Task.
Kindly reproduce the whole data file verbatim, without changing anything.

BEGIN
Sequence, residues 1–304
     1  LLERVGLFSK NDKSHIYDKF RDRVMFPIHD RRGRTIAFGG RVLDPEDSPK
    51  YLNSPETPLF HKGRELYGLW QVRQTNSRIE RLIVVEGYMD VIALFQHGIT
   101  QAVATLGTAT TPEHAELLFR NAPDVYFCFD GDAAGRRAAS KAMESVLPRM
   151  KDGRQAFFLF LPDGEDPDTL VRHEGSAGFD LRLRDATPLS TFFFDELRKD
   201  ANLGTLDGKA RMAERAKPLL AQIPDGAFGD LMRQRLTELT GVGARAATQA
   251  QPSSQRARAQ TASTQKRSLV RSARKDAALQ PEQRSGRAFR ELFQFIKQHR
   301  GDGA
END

Sequence, residues 1–304
     1  LLERVGLFSK NDKSHIYDKF RDRVMFPIHD RRGRTIAFGG RVLDPEDSPK
    51  YLNSPETPLF HKGRELYGLW QVRQTNSRIE RLIVVEGYMD VIALFQHGIT
   101  QAVATLGTAT TPEHAELLFR NAPDVYFCFD GDAAGRRAAS KAMESVLPRM
   151  KDGRQAFFLF LPDGEDPDTL VRHEGSAGFD LRLRDATPLS TFFFDELRKD
   201  ANLGTLDGKA RMAERAKPLL AQIPDGAFGD LMRQRLTELT GVGARAATQA
   251  QPSSQRARAQ TASTQKRSLV RSARKDAALQ PEQRSGRAFR ELFQFIKQHR
   301  GDGA